Bush and his supporters were projecting the then-current threat of Ba’athist Iraq forward. I think that Ken Pollack’s assessment in “The Threatening Storm” was about right, despite his subseqent disavowal.

    It was tempting to imagine that post-Ba’athist Iraq could resemble, say, post-Communist Poland or Czechoslovakia. That a civil society and economic progress could emerge from a tyrannical past without a great deal of anarchy, score-settling, and bloodshed. And that a society with an Islamic history and extended families would take a path similar to ones taken by those with a secular/Christian heritage and nuclear families.

    Some people foresaw factors like this. I’d say most, hawks and war opponents alike, did not. Us ‘gloomy hawks’ are belatedly recognizing them.

    The best model for Iraq for Americans to have contemplated in 2002 and 2003 was probably Algeria. There is no reasonable Black Hat/White Hat interpretation. The FIS won the 1991 election, and almost certainly had the will and the ability to impose a Qutbist Taliban-like vision on the country. In voiding the results, the FLN ‘destroyed democracy in order to save it.’ That set the stage for savage attacks by the GIA on the military, the FLN, and urban and Westernized elites. Followed by terrorization of neutral civilians throughout the country, and by brutal and indiscriminate reprisals by the army and death squads. I don’t know if reliable casualty figures are available, author Kirk Sowell estimated over 100,000 in about ten years of war.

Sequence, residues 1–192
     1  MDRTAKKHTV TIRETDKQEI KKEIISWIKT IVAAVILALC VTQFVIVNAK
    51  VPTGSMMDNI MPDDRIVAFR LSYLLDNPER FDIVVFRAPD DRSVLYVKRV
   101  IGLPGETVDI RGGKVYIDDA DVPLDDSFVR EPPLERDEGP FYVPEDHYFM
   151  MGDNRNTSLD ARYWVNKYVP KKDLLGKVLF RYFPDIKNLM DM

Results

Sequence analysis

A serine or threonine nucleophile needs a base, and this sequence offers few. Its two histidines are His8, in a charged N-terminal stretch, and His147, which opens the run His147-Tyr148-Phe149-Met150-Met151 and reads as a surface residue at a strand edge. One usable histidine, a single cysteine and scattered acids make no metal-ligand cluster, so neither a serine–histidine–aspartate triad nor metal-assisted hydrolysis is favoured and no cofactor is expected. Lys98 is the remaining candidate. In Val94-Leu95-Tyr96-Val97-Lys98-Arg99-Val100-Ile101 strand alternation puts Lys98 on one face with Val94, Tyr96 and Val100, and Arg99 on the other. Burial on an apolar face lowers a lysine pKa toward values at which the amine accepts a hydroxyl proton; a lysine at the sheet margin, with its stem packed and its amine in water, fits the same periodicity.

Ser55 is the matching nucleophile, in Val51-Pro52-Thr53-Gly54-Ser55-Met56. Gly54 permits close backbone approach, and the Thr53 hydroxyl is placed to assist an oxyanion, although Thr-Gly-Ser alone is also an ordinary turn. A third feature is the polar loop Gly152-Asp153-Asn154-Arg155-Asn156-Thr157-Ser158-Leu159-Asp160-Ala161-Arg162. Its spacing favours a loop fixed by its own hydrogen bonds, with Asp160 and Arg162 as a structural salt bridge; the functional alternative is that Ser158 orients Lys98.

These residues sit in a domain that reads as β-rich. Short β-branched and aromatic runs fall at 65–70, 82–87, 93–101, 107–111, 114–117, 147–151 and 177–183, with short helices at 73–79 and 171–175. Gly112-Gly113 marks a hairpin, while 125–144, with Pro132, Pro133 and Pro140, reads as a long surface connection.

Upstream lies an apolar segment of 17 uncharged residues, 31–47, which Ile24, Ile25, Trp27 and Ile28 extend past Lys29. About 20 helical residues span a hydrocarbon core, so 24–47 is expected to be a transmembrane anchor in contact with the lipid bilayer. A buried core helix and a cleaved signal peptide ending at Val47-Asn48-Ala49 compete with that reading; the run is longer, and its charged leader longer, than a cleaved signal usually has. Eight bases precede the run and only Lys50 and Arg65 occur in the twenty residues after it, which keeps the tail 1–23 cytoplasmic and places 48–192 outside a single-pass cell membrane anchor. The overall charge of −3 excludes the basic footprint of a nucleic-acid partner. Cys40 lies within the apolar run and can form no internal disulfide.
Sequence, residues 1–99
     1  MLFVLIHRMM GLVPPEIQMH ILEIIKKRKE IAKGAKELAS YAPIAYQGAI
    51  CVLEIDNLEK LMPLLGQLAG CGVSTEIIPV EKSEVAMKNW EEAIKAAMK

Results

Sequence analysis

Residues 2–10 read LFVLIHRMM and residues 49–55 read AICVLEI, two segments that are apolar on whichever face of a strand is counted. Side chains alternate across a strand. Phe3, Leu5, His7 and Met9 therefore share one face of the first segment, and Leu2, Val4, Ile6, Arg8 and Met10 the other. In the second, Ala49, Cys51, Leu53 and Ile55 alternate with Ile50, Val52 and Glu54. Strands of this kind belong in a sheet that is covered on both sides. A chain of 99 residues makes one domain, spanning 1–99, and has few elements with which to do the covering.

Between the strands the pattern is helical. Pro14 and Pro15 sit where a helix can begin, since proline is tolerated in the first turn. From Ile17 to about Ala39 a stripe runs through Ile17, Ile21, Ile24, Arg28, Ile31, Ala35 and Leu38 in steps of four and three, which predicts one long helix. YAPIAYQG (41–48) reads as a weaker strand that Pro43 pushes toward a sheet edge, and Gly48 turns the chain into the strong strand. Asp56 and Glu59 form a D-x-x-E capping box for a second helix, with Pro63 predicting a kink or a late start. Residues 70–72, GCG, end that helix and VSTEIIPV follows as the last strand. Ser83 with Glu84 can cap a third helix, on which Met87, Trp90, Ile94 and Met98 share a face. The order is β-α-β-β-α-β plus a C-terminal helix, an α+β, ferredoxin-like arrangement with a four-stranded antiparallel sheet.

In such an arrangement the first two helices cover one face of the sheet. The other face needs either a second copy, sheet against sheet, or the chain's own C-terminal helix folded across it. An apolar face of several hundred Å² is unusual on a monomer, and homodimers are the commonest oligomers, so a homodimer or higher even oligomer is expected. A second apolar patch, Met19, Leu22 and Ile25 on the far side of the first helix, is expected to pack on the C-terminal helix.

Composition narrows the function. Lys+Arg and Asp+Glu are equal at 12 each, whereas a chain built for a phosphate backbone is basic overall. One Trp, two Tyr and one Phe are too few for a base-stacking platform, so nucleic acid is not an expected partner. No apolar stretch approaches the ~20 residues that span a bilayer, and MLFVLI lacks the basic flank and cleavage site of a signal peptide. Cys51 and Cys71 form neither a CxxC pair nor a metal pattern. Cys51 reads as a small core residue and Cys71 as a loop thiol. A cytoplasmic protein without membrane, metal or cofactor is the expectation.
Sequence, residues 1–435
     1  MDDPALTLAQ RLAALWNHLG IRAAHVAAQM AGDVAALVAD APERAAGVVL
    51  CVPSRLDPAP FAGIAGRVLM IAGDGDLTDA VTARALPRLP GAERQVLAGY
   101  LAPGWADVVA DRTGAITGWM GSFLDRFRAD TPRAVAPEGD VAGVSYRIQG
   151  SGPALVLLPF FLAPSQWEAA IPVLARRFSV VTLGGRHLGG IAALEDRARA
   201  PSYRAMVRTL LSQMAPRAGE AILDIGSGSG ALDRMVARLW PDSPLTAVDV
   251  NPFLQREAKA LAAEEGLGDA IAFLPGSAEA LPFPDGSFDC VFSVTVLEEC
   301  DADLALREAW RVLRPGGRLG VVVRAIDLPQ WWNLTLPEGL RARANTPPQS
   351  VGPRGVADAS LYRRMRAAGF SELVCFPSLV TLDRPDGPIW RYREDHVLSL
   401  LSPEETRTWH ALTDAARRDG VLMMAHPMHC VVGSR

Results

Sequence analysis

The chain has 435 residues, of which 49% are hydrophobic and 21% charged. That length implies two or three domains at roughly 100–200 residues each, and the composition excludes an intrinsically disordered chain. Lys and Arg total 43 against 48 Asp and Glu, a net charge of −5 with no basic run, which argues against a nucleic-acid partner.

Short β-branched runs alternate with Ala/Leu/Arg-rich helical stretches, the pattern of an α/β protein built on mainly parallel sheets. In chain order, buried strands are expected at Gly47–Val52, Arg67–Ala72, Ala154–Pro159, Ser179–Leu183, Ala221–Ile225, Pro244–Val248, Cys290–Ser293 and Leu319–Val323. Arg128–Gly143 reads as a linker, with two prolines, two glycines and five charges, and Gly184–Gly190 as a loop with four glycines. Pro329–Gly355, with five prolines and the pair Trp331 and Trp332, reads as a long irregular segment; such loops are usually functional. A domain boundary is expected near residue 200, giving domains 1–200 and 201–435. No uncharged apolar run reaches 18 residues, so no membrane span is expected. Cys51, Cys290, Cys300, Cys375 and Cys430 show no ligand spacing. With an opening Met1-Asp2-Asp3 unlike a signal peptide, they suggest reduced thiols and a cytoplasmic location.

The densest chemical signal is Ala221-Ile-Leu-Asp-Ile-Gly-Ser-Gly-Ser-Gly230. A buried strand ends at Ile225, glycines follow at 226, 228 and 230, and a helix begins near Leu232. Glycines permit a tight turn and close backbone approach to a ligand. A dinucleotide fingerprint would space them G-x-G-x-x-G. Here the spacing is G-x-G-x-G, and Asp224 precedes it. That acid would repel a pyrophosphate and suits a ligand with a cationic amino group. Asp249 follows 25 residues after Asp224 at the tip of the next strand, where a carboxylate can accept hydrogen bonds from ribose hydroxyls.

The Iraq Body Count estimate of 65,000 or so dead since 2003 is certainly low, and yesterday’s Lancet study sounds misleadingly high. With the real number somewhere in the middle, fighting among the Coalition, the Iraqi Government, al Qaeda in Iraq, the Ba’athists, and the Sadrists and other Shi’ia militias have already achieved this level of casualties.

    The Ba’athist record of the past 25 years or so is probably worse, but they had the good taste to do their murdering in places without video cameras or affronted Westerners. Being Muslims and not being Westerners themselves would also have helped their p.r. efforts immensely.